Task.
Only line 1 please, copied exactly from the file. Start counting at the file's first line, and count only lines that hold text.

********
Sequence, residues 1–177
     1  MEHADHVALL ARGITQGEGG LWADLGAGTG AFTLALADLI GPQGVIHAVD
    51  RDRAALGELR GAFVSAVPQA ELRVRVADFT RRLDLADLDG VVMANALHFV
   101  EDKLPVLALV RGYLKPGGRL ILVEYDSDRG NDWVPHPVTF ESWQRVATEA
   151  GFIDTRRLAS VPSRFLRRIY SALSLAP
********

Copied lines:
Sequence, residues 1–177